All in all, the Poznań conference offered precious opportunities to learn about imperial constructs, the need for political legitimacy, as well as the urgency felt by many to define, redefine, or develop their national ethnic identities in the transnational societies of the 21st century.
Justyna Schulz (Instytut Zachodni for Western Affairs, Poznań): Empires and Imperial Traditions – Yesterday and Tomorrow
Thomas Zimmermann (Bilkent University, Ankara): “I Reinforced the Realms of My Father and Grandfather” – Conjuring Lost Hittite Imperial Glory in Post-Hittite Perilous Times
Germain Payen (Lille University): The Aspurgian Dynasty in Bosporan History: Mithradatism, Thracian Identity, Graeco-Scythian Past and Sarmatian Influence
Altay Coşkun (University of Waterloo, ON): Empire Allegories and Decline in the Book of Daniel
Benjamin Scolnic (Southern Connecticut State University, Hamden, CT): The Crystal Coffin of Daniel: Neoplatonic, Early Christian and Jewish Responses to Daniel’s Vision of the Succession of Empires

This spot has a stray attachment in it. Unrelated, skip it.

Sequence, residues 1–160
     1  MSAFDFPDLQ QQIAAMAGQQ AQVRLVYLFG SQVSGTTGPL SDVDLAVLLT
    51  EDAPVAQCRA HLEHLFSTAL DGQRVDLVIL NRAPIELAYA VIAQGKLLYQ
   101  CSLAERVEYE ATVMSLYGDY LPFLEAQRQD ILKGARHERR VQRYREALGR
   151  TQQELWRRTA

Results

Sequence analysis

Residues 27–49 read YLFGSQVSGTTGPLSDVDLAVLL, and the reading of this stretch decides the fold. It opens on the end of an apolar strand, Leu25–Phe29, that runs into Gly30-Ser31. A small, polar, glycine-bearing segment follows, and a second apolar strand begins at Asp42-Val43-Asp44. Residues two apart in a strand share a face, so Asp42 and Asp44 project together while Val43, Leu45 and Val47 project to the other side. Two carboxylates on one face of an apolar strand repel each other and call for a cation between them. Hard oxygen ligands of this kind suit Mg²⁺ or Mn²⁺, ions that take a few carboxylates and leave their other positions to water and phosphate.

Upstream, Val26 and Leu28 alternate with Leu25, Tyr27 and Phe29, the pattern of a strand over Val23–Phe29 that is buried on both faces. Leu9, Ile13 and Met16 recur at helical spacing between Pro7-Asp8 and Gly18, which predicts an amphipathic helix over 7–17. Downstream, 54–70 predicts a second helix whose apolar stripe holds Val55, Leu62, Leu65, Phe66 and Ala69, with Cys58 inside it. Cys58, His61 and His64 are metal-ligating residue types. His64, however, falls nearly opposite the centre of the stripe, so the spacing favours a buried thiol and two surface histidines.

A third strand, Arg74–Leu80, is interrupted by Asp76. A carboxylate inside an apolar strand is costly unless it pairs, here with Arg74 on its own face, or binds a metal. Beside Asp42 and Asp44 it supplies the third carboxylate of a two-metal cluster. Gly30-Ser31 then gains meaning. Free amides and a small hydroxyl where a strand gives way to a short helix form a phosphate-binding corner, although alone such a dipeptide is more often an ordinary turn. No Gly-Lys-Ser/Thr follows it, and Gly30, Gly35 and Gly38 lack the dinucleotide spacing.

Loïc Borgies (Namur University): The Presence of the Past within the Imperial Ideologies of Augustus and Qin and Han Dynasties. An Essay of Comparative Analysis of Talismans of Power: the Pignora Imperii and the Nine Cauldrons
Augustine Dickinson (Hamburg University): Holy Men and the Holy Ark: The Church, the State, and the Legitimization of the Solomonic Dynasty of Ethiopia
Stone Chen (University of Waterloo, ON): Imperial Concepts of China
Grzegorz Lewicki (Gdańsk): Managing Multiculturalism in Ottoman and Jagiellonian Empires. Lessons for the New Middle Ages
Henrieke Stahl (Trier University): Imperial Conflicts and Historical Traumas in Eastern European Poetry
Grzegorz Kucharczyk (Gorzów / Warsaw University): How to Build an Empire? The Mitteleuropa-Plan of Friedrich Naumann
David Engels (Université libre de Bruxelles / Instytut Zachodni for Western Affairs, Poznań): Poznań’s “Kaiserschloss”: The Strange Fate of Imperial Self-Legitimation in the 20th Century
Misia Doms (Mannheim University): Ashes without Phoenix. The End of the Habsburg Empire in the Works by Alexander Lernet-Holenia and Joseph Roth
Zdzisław Krasnodębski (Bremen): Imperial Theories in the Context of Polish-German Relations during the 19th and 20th Century
Magdalena Bainczyk (Kraków University): Fall and Rise of the European Union. Disputes over the Legal Character of the EU
Gerd Morgenthaler (Siegen University): The European Union – Yet Another European Empire or an Institution “sui generis”?
 See the conference website for longer summaries and comments: http://www.altaycoskun.com/translatio.